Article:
Philippines: Davao Oriental has appealed for national help after countless landslides, damaged bridges and a huge sinkhole cut off its eastern coastal towns

Jan 16, 2014

Davao Oriental eyes massive relocation as bridges collapse, sinkhole appears

DAVAO CITY—The governor of Davao Oriental has appealed for national help after countless landslides, damaged bridges and a huge sinkhole cut off its eastern coastal towns days after a rain-heavy low pressure area submerged the areas facing the Pacific Ocean.

Thousands remained unreacheable as of Thursday, almost a week since Saturday’s flashfloods.  Gov. Corazon Malanyaon said residents have been talking about a disaster worse than [the effect of Typhoon] Pablo.”

Malanyaon aired her appeal over the government-run Radyo ng Bayan station here, after receiving reports that much damage was caused by rampaging waters carrying logs and tree debris that were not pulled out since Pablo in December 2012.

She said residents told her the loss of livelihood was much worse than the effect of Pablo and the “isolation is more massive now that we really need help from national government agencies.”

She could not give an estimate, but on Wednesday she said no fewer than 47,000 families were affected by the flood and the isolation.

She said transportation, especially trucks that carried relief goods, could only go as far as the third town up north from the capital city of Mati, as two bridges in Caraga town were damaged, including the main Manurigao Bridge.

On Wednesday Malanyaon said she has tapped the Philippine Navy to drop supplies to Baganga town, and from there, distribute the relief items to the isolated towns of Caraga, Cateel and Boston.

But more villages from other towns were also devastated, including the eastern coastal town of Manay, two towns up northeast of Mati. Malanyaon said a huge sinkhole, the width equivalent to two fully grown coconut trees and a depth of similar length, was reported in Purok 9, Barangay Macopa. But she said the exact dimension of land subsidence remained uncertain as local officials could not reach the area and isolated many its sitios remains.

She said she had conferred with the town mayor, who informed her of hiring 15 horses to distribute the goods to the isolated sitios.

Landslides and tree debris left unmoved after Pablo also blocked small roads and prevented access to many interior areas of Boston, Cateel and Caraga, “especially the tribal communities,” she said.

Meanwhile, she has already indicated her intention to compel local governments to permanently abandon all areas regularly flooded or damaged by flashfloods.

“We should not force [the residents] to resettle to these areas again. We have to permanently relocate,” she said.

From her enumeration of places that needed to be deserted, the permanent relocation appeared to be massive, with movement of residents expected in the eastern coastal towns of Manay, Caraga, Baganga, Cateel and Boston.

“I told their residents and their mayors not to force them to go back  to their areas because they have been affected several times for a long time already,” she said. “No amount of flood control and putting up of dikes could solve the problem.”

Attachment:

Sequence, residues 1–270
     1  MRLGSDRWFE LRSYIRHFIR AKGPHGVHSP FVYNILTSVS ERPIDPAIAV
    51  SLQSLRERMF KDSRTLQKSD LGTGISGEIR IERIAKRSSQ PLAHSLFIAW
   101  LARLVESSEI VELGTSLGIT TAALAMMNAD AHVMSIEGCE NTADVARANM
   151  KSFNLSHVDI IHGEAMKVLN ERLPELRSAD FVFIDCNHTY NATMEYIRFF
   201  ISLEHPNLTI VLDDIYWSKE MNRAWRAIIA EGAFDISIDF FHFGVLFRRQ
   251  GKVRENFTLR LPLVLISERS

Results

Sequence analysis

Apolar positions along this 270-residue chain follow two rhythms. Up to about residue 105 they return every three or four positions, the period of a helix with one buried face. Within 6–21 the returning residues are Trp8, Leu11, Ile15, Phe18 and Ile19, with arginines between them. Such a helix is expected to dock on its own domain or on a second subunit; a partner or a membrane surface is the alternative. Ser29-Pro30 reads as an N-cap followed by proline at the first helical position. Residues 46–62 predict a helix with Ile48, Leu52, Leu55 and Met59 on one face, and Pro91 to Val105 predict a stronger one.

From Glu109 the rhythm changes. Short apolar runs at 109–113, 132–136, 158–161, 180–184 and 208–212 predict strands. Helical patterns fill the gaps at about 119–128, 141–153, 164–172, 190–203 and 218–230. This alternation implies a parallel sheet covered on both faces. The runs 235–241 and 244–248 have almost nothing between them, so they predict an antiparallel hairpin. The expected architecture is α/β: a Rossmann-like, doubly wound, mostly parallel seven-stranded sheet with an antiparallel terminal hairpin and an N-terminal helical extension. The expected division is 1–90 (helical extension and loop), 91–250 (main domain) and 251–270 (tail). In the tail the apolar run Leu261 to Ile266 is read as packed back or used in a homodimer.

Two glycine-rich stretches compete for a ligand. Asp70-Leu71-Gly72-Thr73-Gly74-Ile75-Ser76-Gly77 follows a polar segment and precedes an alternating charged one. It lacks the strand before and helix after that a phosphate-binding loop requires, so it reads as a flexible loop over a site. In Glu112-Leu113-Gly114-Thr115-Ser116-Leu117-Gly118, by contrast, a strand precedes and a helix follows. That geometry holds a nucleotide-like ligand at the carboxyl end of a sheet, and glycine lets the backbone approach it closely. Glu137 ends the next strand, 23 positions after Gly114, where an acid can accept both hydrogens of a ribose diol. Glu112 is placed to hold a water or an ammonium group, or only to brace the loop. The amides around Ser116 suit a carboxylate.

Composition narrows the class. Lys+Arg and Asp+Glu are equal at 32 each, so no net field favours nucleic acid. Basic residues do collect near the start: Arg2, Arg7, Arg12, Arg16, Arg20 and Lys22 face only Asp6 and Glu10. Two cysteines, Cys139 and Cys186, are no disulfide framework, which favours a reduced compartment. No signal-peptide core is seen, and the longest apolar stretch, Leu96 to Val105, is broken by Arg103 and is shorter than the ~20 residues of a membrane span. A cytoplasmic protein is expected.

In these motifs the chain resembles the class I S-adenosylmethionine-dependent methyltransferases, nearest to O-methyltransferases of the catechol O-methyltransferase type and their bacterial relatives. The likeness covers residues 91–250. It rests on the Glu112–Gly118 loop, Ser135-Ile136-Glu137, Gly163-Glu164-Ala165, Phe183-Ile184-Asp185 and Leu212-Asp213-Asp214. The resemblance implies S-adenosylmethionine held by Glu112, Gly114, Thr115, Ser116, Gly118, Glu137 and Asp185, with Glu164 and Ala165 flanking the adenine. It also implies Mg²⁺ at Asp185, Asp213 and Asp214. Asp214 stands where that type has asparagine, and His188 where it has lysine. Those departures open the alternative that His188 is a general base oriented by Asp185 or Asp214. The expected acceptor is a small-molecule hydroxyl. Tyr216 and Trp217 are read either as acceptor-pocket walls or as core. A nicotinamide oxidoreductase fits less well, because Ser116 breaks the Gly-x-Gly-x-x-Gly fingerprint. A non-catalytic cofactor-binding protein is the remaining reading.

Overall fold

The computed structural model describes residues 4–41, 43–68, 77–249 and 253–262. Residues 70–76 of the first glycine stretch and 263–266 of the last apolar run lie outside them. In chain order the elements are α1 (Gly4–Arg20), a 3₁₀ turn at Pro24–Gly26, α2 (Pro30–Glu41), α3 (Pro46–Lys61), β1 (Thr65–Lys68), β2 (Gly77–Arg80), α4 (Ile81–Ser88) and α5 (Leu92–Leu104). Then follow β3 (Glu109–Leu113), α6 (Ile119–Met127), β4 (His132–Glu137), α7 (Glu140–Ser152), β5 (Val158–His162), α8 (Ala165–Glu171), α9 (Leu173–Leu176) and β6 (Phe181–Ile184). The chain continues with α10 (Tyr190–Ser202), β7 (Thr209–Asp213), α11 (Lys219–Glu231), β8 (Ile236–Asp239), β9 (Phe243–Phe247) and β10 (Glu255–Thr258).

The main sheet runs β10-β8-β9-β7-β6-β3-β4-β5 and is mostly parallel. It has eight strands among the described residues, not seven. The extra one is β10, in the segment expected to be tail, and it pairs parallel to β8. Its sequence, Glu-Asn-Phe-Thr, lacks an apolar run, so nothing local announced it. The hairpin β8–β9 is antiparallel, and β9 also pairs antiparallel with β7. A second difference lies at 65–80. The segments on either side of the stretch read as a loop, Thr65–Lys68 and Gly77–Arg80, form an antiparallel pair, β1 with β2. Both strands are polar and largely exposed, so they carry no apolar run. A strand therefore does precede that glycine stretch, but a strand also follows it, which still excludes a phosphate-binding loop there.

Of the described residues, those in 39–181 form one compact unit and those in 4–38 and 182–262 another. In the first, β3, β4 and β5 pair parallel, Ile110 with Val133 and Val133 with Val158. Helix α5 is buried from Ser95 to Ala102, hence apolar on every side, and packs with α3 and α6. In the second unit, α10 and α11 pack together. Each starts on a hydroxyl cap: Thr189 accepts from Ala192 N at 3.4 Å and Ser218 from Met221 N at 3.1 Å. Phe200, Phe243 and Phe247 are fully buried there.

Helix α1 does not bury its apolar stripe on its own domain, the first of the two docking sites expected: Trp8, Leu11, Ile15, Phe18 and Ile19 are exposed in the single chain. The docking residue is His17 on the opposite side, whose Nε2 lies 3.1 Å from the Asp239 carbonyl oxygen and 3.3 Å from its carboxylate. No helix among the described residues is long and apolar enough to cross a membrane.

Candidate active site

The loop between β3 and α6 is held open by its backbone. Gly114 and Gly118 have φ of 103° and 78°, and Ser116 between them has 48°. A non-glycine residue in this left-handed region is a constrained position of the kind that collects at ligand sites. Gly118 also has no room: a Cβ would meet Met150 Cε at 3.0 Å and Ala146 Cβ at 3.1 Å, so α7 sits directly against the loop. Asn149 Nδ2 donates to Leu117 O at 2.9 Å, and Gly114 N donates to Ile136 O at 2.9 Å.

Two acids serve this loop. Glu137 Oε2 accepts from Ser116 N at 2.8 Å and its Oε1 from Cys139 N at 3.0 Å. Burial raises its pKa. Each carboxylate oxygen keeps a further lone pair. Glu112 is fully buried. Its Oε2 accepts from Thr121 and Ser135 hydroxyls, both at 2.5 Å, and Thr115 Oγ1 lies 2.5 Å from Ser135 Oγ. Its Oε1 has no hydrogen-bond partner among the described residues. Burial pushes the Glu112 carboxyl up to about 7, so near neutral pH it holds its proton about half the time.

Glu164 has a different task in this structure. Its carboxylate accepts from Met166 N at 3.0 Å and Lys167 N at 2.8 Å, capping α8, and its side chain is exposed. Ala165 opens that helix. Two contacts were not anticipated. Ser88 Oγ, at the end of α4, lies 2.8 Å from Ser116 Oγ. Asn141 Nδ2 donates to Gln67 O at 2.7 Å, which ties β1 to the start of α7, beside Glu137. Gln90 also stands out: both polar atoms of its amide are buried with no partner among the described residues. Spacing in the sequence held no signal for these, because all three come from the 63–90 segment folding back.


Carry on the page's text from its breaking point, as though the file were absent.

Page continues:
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Comment by Kojima on January 22, 2014 at 3:56pm

* 21 January 2014: South-East Asia – Severe Weather [Relief Web; 21 January, 2014]

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THE PHILIPPINES

• LINGLING (known as AGATON in the Philippines) weakened into a Low Pressure Area off the coast of eastern Mindanao on 19 January. Early on 21 January (UTC), it was located approx. 470 km East of Davao City.

• On 20 January heavy rains continued affecting parts of central and southern Philippines. Approx. 130 mm of rain in 24h were observed in Surigao (north-eastern Mindanao) and 105mm in Guiuan (eastern Visayas).

• As of 21 January, there are 42 dead, eight people missing, 65 injured and 203 022 people displaced inside 565 evacuation centers.

• In the next 24h, the Low Pressure Area may still bring moderate to occasionally heavy rains and thunderstorms over the regions of Eastern Visayas, Caraga, Northern Mindanao, Compostella Valley and Davao Oriental.

Comment by Khan on January 21, 2014 at 3:17am

Over 500,000 People Displace by Floods in Philippines

Jan 20, 2014

A man is pulled on a makeshift raft during an evacuation from flooding brought by tropical depression "Agaton", in Butuan, in the southern Philippine island of Mindanao January 20, 2014.

Residents ride on a rescue boat after being evacuated from flooding brought by tropical depression "Agaton", in Butuan, in the southern Philippine island of Mindanao January 20, 2014

A man helps evacuees get on a rescue boat amid floods brought by tropical depression "Agaton", in Butuan, in the southern Philippine island of Mindanao January 20, 2014.

A mother and her children ride on a rescue boat after being evacuated from flooding brought by tropical depression "Agaton", in Butuan, in the southern Philippine island of Mindanao January 20, 2014

Flood victims are pulled on inflatable tire tubes as they are evacuated from heavy flooding brought by tropical depression "Agaton", in Butuan, in the southern Philippine island of Mindanao January 20, 2014

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Comment by sourabh kale on January 17, 2014 at 7:59pm

More Deaths in Philippines Floods

Comment by Khan on January 17, 2014 at 6:38am

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